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Jpn J Ophthalmol. 2009 Jan;53(1):1-6. doi: 10.1007/s10384-008-0621-z. Epub 2009 Jan 30.

Effects of corneal thickness on intraocular pressure measured with three different tonometers.

Author information

  • 1Department of Ophthalmology, Gifu University Graduate School of Medicine, Gifu, Japan.

Abstract

PURPOSE:

To compare intraocular pressure (IOP) measured by a Goldmann applanation tonometer (GAT), a noncontact tonometer (NCT), and a portable noncontact tonometer (PNCT) in eyes of healthy volunteers, and to determine if a significant correlation exists between the IOP and the central corneal thickness (CCT).

METHODS:

A total of 144 healthy participants were randomly assigned to one of two groups; in the first group, IOP was measured first with the NCT and then with the GAT. In the second group, IOP was measured first with the PNCT and then with the GAT. Subsequently, the CCT of all subjects was measured with an ultrasonic pachymeter.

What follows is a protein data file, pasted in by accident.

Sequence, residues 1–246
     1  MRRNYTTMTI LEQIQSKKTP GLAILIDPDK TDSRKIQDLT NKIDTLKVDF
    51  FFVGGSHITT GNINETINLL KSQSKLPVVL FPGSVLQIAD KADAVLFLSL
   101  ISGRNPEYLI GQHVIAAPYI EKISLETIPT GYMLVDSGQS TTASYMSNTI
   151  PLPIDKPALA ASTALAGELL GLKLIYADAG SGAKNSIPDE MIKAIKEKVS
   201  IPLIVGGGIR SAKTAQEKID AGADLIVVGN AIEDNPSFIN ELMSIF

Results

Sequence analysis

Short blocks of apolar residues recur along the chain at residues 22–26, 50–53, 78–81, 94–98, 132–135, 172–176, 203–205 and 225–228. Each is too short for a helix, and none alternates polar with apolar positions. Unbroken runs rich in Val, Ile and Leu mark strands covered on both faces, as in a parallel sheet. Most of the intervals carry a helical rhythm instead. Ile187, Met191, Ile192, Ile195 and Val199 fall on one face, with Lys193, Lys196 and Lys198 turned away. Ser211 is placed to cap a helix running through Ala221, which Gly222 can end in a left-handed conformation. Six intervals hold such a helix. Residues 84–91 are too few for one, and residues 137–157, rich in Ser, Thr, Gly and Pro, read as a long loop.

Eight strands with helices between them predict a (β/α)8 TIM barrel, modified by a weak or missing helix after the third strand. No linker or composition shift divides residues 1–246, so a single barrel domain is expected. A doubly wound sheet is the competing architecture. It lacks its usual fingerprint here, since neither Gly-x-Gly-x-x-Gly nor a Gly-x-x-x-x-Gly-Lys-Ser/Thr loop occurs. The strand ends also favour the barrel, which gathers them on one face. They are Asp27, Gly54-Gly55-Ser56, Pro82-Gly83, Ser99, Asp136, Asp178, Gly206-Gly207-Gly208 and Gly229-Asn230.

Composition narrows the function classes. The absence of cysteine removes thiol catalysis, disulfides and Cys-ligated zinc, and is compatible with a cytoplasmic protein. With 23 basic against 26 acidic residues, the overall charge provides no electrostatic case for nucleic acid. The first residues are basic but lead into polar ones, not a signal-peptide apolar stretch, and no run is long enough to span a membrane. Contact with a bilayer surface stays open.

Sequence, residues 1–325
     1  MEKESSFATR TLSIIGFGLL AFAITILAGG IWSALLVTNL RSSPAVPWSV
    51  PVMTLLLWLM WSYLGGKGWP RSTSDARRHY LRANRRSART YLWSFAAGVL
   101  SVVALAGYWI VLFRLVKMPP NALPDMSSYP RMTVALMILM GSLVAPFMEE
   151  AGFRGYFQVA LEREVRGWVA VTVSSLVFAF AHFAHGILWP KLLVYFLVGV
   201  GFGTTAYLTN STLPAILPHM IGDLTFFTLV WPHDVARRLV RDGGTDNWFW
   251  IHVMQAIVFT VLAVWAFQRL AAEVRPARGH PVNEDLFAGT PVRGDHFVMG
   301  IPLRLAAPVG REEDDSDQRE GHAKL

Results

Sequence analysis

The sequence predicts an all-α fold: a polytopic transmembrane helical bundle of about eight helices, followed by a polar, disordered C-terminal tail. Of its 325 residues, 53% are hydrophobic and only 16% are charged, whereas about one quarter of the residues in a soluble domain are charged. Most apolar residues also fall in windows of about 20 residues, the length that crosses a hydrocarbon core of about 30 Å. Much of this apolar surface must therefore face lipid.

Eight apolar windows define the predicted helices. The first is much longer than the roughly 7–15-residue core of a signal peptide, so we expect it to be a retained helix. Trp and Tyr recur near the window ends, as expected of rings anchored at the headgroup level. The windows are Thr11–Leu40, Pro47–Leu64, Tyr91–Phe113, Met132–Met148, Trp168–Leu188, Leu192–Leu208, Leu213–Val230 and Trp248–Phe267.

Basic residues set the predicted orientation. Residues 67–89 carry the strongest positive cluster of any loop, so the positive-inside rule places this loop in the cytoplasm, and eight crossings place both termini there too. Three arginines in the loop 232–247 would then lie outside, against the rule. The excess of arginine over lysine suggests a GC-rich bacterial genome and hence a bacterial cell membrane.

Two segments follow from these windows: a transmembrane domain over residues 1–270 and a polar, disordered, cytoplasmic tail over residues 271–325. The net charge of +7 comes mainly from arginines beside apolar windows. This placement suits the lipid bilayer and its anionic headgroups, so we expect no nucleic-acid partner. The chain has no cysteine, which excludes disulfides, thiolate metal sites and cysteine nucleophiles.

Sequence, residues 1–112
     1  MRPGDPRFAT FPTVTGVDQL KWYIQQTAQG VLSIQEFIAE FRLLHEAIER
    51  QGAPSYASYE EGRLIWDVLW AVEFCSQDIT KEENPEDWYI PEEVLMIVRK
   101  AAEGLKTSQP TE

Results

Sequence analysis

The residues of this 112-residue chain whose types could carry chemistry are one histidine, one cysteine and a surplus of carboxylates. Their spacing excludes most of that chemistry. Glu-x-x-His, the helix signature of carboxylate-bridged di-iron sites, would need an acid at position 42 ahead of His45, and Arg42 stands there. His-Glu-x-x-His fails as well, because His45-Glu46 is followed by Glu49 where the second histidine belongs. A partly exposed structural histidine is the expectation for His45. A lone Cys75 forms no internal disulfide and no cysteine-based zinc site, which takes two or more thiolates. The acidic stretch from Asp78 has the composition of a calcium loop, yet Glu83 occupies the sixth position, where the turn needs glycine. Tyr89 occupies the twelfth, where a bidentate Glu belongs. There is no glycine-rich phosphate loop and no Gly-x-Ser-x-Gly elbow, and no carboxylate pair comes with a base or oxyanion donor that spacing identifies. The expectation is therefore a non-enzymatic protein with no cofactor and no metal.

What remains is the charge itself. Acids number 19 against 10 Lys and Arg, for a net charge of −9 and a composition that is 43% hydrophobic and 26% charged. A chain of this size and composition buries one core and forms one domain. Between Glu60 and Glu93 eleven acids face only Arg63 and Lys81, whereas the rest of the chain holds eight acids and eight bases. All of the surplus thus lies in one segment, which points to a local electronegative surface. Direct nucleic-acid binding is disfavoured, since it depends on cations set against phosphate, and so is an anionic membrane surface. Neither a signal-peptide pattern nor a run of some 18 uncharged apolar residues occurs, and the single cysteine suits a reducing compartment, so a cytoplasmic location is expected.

RESULTS:

The IOPs determined by the GAT and NCT and were strongly correlated, as were those determined by the GAT and PNCT, in both groups. However, a Bland-Altman plot showed that the correlations between the GAT and NCT and between the GAT and the PNCT measurements were not significant. With all three instruments, the IOP readings varied with the CCT. The mean IOPs obtained with the GAT increased by 0.23 mmHg with each 10-microm increase in CCT (0.23 mmHg/10 microm). The comparable value for the NCT was 0.29 mmHg/10 microm, and that for the PNCT was 0.31 mmHg/10 microm.

CONCLUSIONS:

For measurements of IOP in normal eyes, the GAT is the tonometer least affected by the CCT, compared with the PNCT and NCT. A PNCT is more likely to be affected by variations in CCT than the GAT.

PMID:
19184301
[PubMed - indexed for MEDLINE]
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